A Flash in the Dark!

Jun
23
Esra Bulbul

We are delighted to welcome Esra Bulbul as a guest blogger. Esra led the new study reporting evidence for a mysterious X-ray signal in galaxy clusters, leading to our latest press release. She earned her master’s degree in physics from the Middle East Technical University in the capital city, Ankara, in Turkey in 2006. Four years later she graduated with a PhD in physics from the University of Alabama in Huntsville / NASA Marshall Space Flight Center. After receiving her Ph.D. she moved to the Harvard-Smithsonian Center for Astrophysics as a Smithsonian Astrophysical Fellow working jointly at the NASA Goddard Space Flight Center as a visiting scientist. She is now back at the Harvard-Smithsonian Center for Astrophysics and enjoys living in the greater Boston area.

When I started my first postdoc at the Harvard-Smithsonian Center for Astrophysics, I already knew that one alternative way to improve the sensitivity of current instruments like Chandra and XMM-Newton is to “stack” large numbers of observations of galaxy clusters, meaning that we layer one observation on top of another.

The great advantage of stacking observations is not only an increased signal-to-noise ratio (that is, the amount of useful signal compared to background noise), but also the diminished effects of detector and background features. The X-ray background emission and instrumental noise are the main obstacles in the analysis of faint objects, such as galaxy clusters.

Posted By chandra read more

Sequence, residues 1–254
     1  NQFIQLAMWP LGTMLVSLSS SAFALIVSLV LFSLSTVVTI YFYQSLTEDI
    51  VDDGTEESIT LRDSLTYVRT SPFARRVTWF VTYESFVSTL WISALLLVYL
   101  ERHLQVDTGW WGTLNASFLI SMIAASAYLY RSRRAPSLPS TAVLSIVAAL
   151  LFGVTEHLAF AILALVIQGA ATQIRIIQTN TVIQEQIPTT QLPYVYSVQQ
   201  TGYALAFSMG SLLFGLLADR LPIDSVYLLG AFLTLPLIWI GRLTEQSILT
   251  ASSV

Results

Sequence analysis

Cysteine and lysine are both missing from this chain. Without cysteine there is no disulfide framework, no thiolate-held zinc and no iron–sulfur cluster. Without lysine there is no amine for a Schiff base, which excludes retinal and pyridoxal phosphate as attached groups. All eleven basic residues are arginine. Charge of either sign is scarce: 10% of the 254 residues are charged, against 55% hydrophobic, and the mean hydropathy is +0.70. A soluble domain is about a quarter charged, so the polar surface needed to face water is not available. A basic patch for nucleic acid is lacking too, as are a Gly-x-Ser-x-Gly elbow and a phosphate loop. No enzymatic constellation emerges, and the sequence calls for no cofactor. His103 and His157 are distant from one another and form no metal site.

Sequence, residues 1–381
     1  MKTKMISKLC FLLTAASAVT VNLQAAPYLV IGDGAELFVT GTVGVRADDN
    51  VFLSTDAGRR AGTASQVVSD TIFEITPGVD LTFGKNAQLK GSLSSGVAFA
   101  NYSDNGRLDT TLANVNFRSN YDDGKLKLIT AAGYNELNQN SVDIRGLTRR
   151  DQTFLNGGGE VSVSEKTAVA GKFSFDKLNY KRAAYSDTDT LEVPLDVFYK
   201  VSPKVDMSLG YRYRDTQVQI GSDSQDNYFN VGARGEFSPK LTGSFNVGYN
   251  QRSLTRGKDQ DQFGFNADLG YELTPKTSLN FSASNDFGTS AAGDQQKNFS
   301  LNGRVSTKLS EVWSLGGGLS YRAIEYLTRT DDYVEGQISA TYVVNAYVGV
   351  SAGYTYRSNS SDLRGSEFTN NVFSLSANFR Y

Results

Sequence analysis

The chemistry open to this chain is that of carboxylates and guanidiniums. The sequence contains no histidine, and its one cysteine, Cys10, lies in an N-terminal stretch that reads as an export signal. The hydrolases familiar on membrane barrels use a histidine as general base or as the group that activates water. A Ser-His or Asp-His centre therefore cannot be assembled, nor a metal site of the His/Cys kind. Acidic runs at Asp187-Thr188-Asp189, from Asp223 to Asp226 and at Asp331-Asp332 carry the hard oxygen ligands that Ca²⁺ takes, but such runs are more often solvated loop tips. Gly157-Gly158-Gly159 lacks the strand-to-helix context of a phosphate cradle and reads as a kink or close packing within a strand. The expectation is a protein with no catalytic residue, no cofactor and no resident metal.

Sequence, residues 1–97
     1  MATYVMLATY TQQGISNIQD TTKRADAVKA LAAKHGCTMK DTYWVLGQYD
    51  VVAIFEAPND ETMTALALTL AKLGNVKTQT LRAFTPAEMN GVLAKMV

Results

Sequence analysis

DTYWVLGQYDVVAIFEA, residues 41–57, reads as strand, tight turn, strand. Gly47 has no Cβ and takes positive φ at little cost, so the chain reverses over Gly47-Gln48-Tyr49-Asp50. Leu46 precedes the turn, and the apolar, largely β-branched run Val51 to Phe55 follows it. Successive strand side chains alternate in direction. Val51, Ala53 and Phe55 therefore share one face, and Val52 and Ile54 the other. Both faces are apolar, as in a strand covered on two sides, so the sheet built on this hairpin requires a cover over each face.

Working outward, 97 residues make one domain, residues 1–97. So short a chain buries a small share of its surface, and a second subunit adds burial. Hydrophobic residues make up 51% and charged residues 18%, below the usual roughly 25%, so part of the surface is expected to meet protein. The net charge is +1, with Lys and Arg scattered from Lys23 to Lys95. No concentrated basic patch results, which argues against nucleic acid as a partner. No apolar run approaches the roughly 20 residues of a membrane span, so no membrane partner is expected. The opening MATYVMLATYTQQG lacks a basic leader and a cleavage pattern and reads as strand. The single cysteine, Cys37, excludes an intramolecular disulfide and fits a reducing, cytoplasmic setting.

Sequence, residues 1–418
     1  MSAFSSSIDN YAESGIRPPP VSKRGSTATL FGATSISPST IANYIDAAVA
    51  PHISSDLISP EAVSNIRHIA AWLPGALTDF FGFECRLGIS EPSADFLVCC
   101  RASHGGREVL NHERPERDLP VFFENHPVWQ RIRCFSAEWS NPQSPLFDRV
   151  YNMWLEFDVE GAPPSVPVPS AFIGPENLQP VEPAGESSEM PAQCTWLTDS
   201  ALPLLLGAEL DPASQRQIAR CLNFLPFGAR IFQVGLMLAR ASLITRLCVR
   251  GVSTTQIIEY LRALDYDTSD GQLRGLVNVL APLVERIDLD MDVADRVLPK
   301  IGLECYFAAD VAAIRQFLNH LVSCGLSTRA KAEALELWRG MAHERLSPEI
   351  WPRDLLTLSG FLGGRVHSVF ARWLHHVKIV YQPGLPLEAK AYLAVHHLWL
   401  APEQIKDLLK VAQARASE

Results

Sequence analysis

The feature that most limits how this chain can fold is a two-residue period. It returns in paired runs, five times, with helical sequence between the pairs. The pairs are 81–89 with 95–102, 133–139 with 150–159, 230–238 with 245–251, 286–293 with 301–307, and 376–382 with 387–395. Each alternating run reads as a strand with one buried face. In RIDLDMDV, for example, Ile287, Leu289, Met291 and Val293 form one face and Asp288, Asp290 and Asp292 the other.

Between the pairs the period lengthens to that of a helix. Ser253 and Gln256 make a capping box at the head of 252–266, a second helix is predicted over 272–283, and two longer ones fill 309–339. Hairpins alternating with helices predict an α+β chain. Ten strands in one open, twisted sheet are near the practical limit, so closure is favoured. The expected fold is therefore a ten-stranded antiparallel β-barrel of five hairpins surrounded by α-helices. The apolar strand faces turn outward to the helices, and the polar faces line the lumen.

Mysterious X-ray Signal Intrigues Astronomers

Jun
23

Perseus

A new study of the Perseus galaxy cluster, shown in this image, using NASA's Chandra X-ray Observatory and 73 other clusters with ESA's XMM-Newton has revealed a mysterious X-ray signal in the data. This signal is represented in the circled data points in the inset, which is a plot of X-ray intensity as a function of X-ray energy. The signal is also seen in over 70 other galaxy clusters using XMM-Newton. This unidentified X-ray emission line - that is, a spike of intensity at a very specific energy, in this case centered on about 3.56 kiloelectron volts (keV) - requires further investigation to confirm both the signal's existence and nature as described in the latest Chandra press release.

Posted By chandra read more

Visualizing the X-ray Universe: Stories About Science

Jun
17

Telling a story about science can come in many different shapes, from an image of the area around a black hole, to a three-dimensional model of the remains of an exploded star, to something as simple as a tweet about a planet. Working for the Chandra X-ray Observatory, one of NASA's “Great Observatories” that studies extremely hot regions in space such as colliding galaxies and neutron stars, there is no shortage of data to tell stories about. Chandra orbits about 1/3 of the way to the Moon so it can take long exposures of cosmic objects. This year, Chandra marks its 15th anniversary of science operations out in the cold, dark and somewhat dangerous void of space.

Perhaps 50% of the job of “visualizing the X-ray Universe” is figuring out how we need to look at Chandra’s X-ray data and asking ourselves: what questions are this data trying to answer? what do experts see in this data? how will non-experts view and understand the data? The remaining 50% of the job is then what to do with that data, to make it both accessible and understandable.

Chandra

Posted By chandra read more

Chandra Captures Galaxy Sparkling in X-rays

Jun
03

M51

Nearly a million seconds of observing time with NASA's Chandra X-ray Observatory has revealed a spiral galaxy similar to the Milky Way glittering with hundreds of X-ray points of light.

The galaxy is officially named Messier 51 (M51) or NGC 5194, but often goes by its nickname of the "Whirlpool Galaxy." Like the Milky Way, the Whirlpool is a spiral galaxy with spectacular arms of stars and dust. M51 is located about 30 million light years from Earth, and its face-on orientation to Earth gives us a perspective that we can never get of our own spiral galactic home.